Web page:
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Violet Bidwill's Imprint Remains With Cardinals

First female NFL owner remembered during Women's History Month

Violet Bidwill (center) with her sons Charles "Stormy" (left) and Bill in 1951.
Violet Bidwill (center) with her sons Charles "Stormy" (left) and Bill in 1951.

Violet Bidwill had been owner of the Cardinals for only a few months when she accompanied the team to training camp in Waukesha, Wisconsin in August, 1947.

During one practice, she looked out over the team, finally settling in with a post-World War II roster.

"I think all the teams in the league are good this year," Bidwill told the Waukesha Freeman newspaper. "There seems to be better material to work with.

"This year, we have scheduled seven home games and I think the men we have will draw crowds."

Bidwill's husband, Charles Sr., had passed away in April, leaving Violet – mother of Charles Jr. (better known as Stormy) and Bill – as the first female owner in NFL history. And she turned out to be correct in her assessment. The Cardinals ultimately won the NFL championship by season's end, leaving her in tears after the game wishing her late husband had been alive to see it, and cementing her role as ownership trailblazer.

In a league that has only had a handful of female owners, remembering Violet Bidwill's legacy during Women's History Month is fitting.

"She was a wonderful person and was in a tough situation with losing her husband at a young age," Violet's grandson, current Cardinals owner Michael Bidwill, said. "She decided she would take over the family businesses."

Cardinals owner Violet Bidwill (right) gets a hug from son Bill Bidwill and congratulations from halfback Elmer Angsman after the Cardinals beat the Eagles in the 1947 NFL championship.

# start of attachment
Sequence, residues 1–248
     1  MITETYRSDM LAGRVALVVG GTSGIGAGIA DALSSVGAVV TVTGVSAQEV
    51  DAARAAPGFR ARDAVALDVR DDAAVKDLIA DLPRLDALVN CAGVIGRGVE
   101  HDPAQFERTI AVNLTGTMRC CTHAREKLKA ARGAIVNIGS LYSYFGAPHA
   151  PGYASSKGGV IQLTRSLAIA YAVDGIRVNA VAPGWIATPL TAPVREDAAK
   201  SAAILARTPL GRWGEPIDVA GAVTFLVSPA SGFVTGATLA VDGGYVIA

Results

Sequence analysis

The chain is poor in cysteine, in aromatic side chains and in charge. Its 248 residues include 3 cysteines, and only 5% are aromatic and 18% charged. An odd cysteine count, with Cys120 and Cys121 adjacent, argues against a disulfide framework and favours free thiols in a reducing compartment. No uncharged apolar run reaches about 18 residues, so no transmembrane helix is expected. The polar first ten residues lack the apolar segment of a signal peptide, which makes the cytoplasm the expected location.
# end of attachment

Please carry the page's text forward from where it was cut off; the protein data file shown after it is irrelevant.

Cardinals owner Violet Bidwill (right) gets a hug from son Bill Bidwill and congratulations from halfback Elmer Angsman after the Cardinals beat the Eagles in the 1947 NFL championship.

Violet Bidwill ran the Cardinals – with Stormy and Bill later being made part of the team's Board of Directors – until her death in 1962 at the age of 62.

Michael Bidwill said he has talked with Bengals owner Mike Brown, whose father Paul owned the Cleveland Browns when Violet ran the Cardinals. Mike Brown recalled his father saying Violet was a "shrewd businesswoman" and well-respected.

"She didn't suffer fools, and she was right there in the meetings with the rest of the owners and held her own," said Michael Bidwill, who was born after his grandmother's death.

Violet Bidwill eventually engineered the franchise's move from Chicago to St. Louis in 1960.

Stormy Bidwill was only 23 when his mother elevated him to team president. Young brother Bill was 19 when he was named a team vice president at the same time in 1951. When Violet Bidwill passed in 1962, the brothers took over both the Cardinals and other family businesses. Eventually, Bill Bidwill took over the team when he bought out his brother's share in 1972.

"She shaped my father's life in a very meaningful way," Michael said of his late father. "He grew up with a woman owner of the team and he didn't look at women any differently than men and he didn't look at color of skin or diversity, equity, or inclusion as anything besides normal. He was way ahead of his time.

"I think he was shaped by seeing a woman run a business in an exclusively male-run industry, except for her. He had a perspective for seeing people with their merit. And his imprint on me was clear and I've continued that legacy, but it all started with Violet."

Michael Bidwill noted the number of women that now work in crucial roles across the businesses the Bidwill family runs. Lisa Manning, the team's senior vice president of marketing, oversees much of the daily operations for the Cardinals.

"We want to be a leader in this space, but also recognizing people based on their merit, skills and performance," Michael Bidwill said. "Lisa has helped navigate us through a lot of things. I know if Violet were alive, she'd be proud of Lisa Manning and so many other women have important roles in the organization.

"There is a lot of family pride around Violet Bidwill. Her legacy I think continues to live on with us."

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